How Long-Term Care Benefits Can Affect Taxes
Long-term care insurance policies offer a host of benefits that are exempt from federal taxes and most state income taxes. Premiums paid on policies are treated as health insurance premiums and therefore qualify for federal income tax deductions. However, there are limits based on age.
Federal tax deductible limits are based on total annual premiums paid and the age of the policyholder. For people age 40 and younger, the maximum annual deduction on long-term care insurance is $ 360 for 2013. People ages 41 to 50 have a maximum annual deduction of $ 680, while people age 51 at age 60 they have a maximum deduction of $ 1,360. The deduction for people ages 61 to 70 is $ 3,640, while those over 70 have a current maximum deduction of $ 4,550.
Tax-exempt status on premiums paid for long-term care policies is different from those paid for life insurance plans. Life insurance premiums are often only tax-exempt when the benefits paid for them qualify for income tax. If a life insurance plan qualifies for tax-exempt status by paying premiums, the benefits are generally taxed by the federal government and some state governments as income.
To qualify for federal income tax exemptions and most state income tax exemptions, a long-term care insurance policy must be guaranteed to be renewable and not increase in cash value over time. . These policies are written by life insurance companies. The federal government does not currently tax benefits paying no more than $ 320 per day. Amounts over $ 320 can be taxed as income, but the amount is adjusted each year to account for inflation.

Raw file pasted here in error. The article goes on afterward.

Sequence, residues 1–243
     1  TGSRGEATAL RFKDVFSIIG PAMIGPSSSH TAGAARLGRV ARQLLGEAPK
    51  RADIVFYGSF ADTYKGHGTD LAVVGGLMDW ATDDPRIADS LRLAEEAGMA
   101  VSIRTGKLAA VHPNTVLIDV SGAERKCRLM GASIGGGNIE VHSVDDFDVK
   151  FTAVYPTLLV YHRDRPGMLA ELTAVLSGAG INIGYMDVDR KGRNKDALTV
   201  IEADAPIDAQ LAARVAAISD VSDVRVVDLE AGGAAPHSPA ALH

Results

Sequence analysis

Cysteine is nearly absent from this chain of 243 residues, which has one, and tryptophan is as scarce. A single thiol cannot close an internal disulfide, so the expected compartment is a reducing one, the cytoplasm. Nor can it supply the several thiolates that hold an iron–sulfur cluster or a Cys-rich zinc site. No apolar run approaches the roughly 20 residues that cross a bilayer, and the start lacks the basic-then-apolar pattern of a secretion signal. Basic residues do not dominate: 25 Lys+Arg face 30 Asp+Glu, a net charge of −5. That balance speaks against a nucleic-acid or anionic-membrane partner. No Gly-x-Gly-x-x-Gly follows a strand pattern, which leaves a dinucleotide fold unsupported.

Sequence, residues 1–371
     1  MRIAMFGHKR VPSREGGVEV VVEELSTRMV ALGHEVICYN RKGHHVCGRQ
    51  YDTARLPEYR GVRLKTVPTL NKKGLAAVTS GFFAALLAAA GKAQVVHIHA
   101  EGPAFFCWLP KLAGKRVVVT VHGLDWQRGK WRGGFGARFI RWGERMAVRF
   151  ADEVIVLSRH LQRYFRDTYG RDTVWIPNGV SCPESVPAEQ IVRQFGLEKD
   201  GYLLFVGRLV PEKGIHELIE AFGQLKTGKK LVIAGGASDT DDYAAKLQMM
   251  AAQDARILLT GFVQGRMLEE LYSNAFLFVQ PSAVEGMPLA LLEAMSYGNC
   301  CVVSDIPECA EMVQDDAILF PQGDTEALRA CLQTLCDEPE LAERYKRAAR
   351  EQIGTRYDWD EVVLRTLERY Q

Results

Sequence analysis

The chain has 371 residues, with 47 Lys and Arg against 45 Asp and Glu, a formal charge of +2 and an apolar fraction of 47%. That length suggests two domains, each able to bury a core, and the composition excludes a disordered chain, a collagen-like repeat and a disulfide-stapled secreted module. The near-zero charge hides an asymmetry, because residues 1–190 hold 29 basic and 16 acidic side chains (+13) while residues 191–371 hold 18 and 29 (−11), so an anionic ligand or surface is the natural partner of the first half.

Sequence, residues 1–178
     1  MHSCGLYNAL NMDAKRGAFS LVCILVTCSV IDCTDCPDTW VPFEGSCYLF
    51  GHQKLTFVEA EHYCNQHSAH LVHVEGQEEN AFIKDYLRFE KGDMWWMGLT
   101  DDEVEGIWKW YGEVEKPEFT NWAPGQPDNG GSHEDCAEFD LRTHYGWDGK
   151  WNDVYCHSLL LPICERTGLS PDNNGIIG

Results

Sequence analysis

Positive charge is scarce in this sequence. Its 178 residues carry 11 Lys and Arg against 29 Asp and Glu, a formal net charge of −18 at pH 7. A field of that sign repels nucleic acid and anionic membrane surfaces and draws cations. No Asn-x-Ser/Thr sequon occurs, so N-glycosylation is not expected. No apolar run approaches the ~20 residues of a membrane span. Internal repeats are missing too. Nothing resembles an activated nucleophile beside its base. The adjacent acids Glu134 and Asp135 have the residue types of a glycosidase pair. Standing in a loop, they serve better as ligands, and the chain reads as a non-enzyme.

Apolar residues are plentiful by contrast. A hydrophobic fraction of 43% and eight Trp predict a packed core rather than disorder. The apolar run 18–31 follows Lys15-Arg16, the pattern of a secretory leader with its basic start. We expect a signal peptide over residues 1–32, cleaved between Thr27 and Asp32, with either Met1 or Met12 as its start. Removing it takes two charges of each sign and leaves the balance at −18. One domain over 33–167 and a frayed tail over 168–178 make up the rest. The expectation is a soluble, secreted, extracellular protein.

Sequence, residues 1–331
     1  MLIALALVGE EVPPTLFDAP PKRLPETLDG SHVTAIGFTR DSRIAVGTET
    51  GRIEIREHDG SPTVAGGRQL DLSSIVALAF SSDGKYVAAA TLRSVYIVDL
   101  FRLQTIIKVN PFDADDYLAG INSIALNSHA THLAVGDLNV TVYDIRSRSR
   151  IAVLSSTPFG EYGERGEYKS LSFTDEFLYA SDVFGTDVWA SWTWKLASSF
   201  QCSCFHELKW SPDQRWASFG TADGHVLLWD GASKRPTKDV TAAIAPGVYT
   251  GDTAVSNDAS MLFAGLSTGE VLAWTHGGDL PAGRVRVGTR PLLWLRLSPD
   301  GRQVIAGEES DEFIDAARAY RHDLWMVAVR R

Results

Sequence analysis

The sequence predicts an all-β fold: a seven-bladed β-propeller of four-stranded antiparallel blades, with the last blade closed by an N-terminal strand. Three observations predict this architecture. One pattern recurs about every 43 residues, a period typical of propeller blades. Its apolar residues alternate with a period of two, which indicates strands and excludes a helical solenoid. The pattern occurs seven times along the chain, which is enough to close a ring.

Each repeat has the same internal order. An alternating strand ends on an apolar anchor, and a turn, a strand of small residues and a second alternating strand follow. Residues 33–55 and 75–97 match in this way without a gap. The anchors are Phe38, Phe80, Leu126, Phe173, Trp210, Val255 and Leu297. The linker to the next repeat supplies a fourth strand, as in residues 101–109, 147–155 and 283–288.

Generally, daily benefits that exceed the current federal limit of $ 320 but do not exceed the daily cost of long-term care will not be taxed due to the fact that they are spent on care rather than additional income. Life insurers report total insurance benefits to the federal government, which issue 1099 tax forms to policyholders. Policyholders must claim the taxable amounts on a federal Form 8853.
The benefits can quickly run out when you look at the average cost of care. A semi-private nursing home charged an average rate of more than $ 220 per day in 2012, which works out to more than $ 80,000 per year and could easily exceed even the best earning year for most people during their working careers. An assisted living facility is more affordable at about $ 44,000 per year in costs, while other services cost more. Home health care costs were around $ 21 per hour in 2012, making home care the most affordable of the long-term care services.